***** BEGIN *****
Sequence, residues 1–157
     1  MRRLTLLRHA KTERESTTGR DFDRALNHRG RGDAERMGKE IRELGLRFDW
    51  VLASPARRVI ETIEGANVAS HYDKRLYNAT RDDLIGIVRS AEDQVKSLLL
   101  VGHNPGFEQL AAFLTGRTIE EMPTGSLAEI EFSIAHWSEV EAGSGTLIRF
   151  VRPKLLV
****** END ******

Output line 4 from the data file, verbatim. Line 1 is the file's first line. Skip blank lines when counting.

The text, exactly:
   101  VGHNPGFEQL AAFLTGRTIE EMPTGSLAEI EFSIAHWSEV EAGSGTLIRF